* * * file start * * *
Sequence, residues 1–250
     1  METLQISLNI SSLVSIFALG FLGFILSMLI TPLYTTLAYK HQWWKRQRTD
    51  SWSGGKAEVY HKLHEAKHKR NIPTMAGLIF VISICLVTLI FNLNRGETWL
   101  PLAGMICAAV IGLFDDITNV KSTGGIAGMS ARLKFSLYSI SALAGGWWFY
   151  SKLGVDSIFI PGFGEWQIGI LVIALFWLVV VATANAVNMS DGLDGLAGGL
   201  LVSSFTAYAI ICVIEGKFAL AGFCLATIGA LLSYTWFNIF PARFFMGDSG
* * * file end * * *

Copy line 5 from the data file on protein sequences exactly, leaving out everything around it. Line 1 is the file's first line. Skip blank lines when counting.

   151  SKLGVDSIFI PGFGEWQIGI LVIALFWLVV VATANAVNMS DGLDGLAGGL